Facioscapulohumeral muscular dystrophy (FSHD) is an autosomal dominant neuromuscular disease. It maps to the D4Z4 repeat array at 4q35, and correlates with a repeat contraction which derepresses transcription of local genes. Which, if any, of these genes is pathogenic to muscle, and through what molecular mechanism is unknown. The present study investigates the function of one candidate gene, DUX4c, encoded by a truncated inverted D4Z4 element located 42 kb proximal to the D4Z4 repeats. Using a gain of function approach we tested DUX4c for toxicity and effects on differentiation in C2C12 myoblasts. DUX4c-expressing myoblasts appear morphologically normal but have reduced expression of myogenic regulators, including MyoD and Myf5. Consistent with this, DUX4c-expressing myoblasts are unable to differentiate into myotubes. Furthermore, overexpression of Myf5 or MyoD rescued myoblast differentiation, suggesting that reductions in expression of these regulators are the relevant DUX4c-induced physiological changes that inhibit differentiation. Our results suggest that upregulation of DUX4c can have a deleterious effect on muscle homeostasis and regeneration, and point to a possible role for DUX4c in the pathology of FSHD.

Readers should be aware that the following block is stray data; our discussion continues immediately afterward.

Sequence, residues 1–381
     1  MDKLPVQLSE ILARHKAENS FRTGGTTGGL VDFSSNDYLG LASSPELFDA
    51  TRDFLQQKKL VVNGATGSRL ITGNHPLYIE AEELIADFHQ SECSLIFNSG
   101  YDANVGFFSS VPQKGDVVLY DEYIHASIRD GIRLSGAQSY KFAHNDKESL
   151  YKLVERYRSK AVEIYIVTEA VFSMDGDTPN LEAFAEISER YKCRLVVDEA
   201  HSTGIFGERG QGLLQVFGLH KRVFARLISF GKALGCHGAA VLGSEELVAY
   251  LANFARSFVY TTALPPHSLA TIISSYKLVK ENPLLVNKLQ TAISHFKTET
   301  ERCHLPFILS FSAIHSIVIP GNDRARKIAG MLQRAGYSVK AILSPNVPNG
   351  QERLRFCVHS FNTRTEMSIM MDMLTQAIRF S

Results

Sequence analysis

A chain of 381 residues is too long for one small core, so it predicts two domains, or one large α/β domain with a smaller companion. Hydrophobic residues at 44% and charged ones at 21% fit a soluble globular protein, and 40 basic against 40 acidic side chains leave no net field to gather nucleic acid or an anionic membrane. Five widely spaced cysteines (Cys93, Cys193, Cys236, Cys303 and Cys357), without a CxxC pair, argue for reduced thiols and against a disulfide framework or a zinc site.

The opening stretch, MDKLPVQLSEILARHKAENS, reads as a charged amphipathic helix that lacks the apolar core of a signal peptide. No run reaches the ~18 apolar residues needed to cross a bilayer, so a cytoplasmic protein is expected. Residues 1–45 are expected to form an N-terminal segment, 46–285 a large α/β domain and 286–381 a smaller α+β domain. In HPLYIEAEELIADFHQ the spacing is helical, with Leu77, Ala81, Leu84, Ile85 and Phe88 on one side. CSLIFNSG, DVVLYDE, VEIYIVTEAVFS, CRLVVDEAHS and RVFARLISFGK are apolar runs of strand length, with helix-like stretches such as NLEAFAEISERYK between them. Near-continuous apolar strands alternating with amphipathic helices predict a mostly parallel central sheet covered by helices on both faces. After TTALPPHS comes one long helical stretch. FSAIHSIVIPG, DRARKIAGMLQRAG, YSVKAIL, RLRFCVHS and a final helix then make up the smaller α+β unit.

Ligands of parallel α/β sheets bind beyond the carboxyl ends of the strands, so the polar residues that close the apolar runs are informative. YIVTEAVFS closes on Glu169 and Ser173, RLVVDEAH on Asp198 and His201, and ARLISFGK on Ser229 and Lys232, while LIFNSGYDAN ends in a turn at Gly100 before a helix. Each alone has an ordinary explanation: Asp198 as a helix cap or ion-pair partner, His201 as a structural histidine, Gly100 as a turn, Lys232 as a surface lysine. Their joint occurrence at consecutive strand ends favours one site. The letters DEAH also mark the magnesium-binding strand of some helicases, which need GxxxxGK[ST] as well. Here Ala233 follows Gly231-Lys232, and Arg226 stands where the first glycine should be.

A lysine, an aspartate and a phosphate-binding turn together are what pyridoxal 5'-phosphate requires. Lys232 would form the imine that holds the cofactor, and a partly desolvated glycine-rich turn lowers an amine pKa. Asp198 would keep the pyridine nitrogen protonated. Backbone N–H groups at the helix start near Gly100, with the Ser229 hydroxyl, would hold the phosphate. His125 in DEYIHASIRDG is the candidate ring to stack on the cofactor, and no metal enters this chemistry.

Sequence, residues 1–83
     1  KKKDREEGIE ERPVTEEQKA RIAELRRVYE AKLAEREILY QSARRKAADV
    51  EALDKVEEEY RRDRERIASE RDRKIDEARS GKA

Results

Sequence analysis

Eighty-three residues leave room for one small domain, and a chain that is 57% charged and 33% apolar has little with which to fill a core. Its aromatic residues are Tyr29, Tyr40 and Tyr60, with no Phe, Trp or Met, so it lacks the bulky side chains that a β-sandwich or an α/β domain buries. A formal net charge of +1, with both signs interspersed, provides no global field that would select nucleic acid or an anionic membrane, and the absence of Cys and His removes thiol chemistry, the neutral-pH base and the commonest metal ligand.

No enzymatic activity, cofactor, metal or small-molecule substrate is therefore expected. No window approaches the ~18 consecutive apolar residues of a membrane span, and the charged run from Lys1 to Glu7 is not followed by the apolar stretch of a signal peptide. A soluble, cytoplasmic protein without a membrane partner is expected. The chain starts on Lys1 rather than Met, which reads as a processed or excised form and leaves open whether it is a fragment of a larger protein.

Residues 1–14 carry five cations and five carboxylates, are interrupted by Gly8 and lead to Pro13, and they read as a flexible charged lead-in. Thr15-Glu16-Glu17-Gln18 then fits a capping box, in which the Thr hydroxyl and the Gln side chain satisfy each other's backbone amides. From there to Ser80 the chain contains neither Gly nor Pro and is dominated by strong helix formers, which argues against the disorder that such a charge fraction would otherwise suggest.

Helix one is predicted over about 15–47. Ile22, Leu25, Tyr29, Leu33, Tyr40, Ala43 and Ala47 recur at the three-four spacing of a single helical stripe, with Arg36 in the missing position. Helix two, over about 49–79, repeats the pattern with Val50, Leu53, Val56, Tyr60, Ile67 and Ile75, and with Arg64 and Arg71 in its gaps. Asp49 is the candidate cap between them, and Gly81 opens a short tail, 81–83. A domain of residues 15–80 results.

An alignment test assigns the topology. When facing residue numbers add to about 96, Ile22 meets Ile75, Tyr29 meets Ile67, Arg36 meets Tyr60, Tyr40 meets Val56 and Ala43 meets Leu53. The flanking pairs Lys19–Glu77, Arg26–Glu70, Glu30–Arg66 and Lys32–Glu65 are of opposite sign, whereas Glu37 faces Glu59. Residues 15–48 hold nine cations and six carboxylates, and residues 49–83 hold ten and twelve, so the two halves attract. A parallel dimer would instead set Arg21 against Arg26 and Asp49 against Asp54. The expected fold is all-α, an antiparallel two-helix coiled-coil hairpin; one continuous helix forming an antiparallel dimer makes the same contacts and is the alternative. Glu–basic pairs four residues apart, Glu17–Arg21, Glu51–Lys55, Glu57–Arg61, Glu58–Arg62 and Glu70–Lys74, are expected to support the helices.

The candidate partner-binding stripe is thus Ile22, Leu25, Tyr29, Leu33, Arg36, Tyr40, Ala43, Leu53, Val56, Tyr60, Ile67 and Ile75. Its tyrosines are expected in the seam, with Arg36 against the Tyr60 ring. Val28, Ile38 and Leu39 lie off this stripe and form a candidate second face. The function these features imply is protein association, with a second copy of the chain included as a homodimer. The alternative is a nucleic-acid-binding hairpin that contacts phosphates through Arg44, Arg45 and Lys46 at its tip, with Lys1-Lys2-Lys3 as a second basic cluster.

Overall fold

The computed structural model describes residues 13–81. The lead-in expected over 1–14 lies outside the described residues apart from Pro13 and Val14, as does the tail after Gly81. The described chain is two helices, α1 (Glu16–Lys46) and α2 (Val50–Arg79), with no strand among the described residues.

Bibliographical noteFunding Information:
We thank the Dr. Bob and Jean Smith Foundation for their generous support. This work was also supported in part by a Muscular Dystrophy Association Fellowship (to D.B.), the Facioscapulohumeral Muscular Dystrophy Society, and a U.T. Southwestern S.U.R.F. Award (to S.L.).
- Facioscapulohumeral muscular dystrophy